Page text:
There are many current proposals for hugely ambitious information gathering systems based on very large networks of autonomous intelligent sensors. Typically, the proposals envisage thousands or millions of such sensors, collaborating together to make an overall system with highly advanced functionality (although, often, the precise nature of this functionality is not explored). This tutorial addresses such applications and presents a view on the specification and design of such large sensor systems. The architecture proposed in this tutorial provides standardised interfaces at appropriate levels of abstraction in the system, which allow the initiation and continuation of design and development at those levels of abstraction.
Attendees will gain the perspective and context of the field in order to make design decisions which optimally utilize current and forthcoming developments in these technologies.

The tutorial will consist of four sessions (50 minutes/session). Sessions will be run as a mixture of presentation and open discussion.

1. Oversold dreams and practical potentials
     what was promised by MEMS and what was actually delivered – current sensor markets
     new dream applications (Smart Dust, GEMS, the ageless machines)
     MEMS attributes, technological requirements and integration challenges
          transducers: mechanical components and electronic interfaces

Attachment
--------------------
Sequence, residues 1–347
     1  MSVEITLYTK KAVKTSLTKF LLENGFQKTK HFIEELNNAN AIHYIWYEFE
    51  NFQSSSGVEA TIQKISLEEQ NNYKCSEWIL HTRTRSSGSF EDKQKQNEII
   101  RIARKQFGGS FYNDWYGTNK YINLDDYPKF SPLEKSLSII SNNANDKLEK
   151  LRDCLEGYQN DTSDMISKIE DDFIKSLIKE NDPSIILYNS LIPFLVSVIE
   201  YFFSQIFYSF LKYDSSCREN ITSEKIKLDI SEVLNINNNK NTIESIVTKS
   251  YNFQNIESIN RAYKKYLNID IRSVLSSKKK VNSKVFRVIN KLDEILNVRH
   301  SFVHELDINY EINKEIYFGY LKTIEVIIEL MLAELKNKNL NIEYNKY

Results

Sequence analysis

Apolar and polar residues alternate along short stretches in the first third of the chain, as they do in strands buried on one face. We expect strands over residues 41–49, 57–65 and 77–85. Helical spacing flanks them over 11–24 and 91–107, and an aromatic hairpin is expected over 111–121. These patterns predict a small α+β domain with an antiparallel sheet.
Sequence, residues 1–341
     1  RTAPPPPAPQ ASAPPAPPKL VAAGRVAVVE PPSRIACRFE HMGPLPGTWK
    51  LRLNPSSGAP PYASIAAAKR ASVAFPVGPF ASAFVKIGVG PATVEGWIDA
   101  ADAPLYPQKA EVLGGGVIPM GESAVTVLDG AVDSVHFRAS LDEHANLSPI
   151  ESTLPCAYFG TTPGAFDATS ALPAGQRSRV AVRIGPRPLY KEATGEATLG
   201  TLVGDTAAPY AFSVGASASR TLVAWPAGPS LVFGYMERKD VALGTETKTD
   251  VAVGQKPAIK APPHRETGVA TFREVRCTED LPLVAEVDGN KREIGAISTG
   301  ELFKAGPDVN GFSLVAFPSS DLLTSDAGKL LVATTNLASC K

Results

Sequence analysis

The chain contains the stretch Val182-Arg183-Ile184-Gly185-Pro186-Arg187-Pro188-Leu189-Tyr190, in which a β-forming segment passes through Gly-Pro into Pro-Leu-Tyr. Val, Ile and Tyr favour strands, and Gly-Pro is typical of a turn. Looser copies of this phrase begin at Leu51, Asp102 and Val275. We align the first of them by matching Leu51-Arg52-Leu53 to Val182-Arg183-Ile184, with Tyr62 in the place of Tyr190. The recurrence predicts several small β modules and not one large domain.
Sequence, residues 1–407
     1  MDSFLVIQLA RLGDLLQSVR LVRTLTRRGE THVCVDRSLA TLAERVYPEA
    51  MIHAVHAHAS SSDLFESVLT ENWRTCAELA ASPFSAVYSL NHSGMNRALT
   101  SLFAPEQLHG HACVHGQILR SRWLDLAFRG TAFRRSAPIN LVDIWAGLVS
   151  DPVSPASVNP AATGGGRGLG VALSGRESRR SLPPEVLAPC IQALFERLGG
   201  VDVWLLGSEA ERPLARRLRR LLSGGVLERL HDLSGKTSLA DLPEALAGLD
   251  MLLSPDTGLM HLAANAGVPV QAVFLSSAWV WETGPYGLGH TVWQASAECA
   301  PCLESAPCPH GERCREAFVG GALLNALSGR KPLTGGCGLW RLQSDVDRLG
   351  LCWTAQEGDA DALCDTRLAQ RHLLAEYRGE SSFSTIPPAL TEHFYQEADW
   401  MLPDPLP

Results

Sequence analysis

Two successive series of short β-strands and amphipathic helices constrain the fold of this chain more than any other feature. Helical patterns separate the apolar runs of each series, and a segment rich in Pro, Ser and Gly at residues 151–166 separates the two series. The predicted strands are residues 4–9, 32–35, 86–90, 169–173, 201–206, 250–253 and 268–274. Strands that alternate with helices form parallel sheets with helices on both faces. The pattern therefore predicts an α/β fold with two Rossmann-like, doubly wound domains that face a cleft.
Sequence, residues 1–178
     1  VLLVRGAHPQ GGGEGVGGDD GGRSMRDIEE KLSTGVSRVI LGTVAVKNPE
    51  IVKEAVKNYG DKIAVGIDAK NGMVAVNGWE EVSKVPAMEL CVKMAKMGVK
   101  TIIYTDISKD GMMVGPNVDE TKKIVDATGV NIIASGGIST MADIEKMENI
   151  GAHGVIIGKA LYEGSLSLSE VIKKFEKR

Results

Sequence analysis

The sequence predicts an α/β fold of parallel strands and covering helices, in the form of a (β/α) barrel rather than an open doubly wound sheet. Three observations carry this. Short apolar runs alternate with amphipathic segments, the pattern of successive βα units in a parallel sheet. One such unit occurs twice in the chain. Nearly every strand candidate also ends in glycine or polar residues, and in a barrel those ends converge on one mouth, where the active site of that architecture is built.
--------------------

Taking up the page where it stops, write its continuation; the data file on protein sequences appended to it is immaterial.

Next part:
signal conditioning and integration

2. Advanced Microsystems - where the top down meets the bottom up
     enhanced sensor functionality – compensation, calibration, self-test, power management
     smart sensors
     intelligent sensors
     cogent sensors – achieving autonomy

3. Top down system functions in sensor systems
     the data to information translation – what, where and how
     self contained and information delivering systems
     systems framework for very large networks of cogent sensors
     a review of potential applications of large networks of sensors
     skills and expectations of the design communities with respect to such systems.

4. Concepts which contribute to a generic and adaptable system design strategy for large sensor networks.
     architectural model to locate the system components required for building large microsensor networks
     possible implementations of some system level components and additional constraints that these place on the          overall system
          topology establishment and management
          fault management
          initialisation and syncronization
          application level functions such as data fusion

Elena Gaura selected publications:
1. Gaura, E. Rider, R.J. Steele, N. (2000) Closed-loop neural network controlled accelerometer, Proceedings of the I. Mech. E, Part I, Journal of Systems and Control Engineering, vol. 214, no.I2, pp.129-138.
2. Gaura, E.I.. Rider, R.J Steele N. and Naguib R.N.G. (2000) Neural Network Based Smart Accelerometers for Use in Telecare Medicine Journal of Systems Science, Vol. 26, No. 3, pp. 83-96.
3. Steele, N. Gaura, E. Godjevac, J. (2001). Neural Networks and Control. Int. Journal of Comp. Research, 10 (2) pp. 237-250
4. Gaura, E.I. Rider, R.J. Steele, N. Naguib, R. N. G. (2001). A Microsystem Approach to Acceleration Measurements in Telecare Applications. IEEE Trans. on Information Technology in Biomedicine, vol. 5, no. 3, pp. 248-252.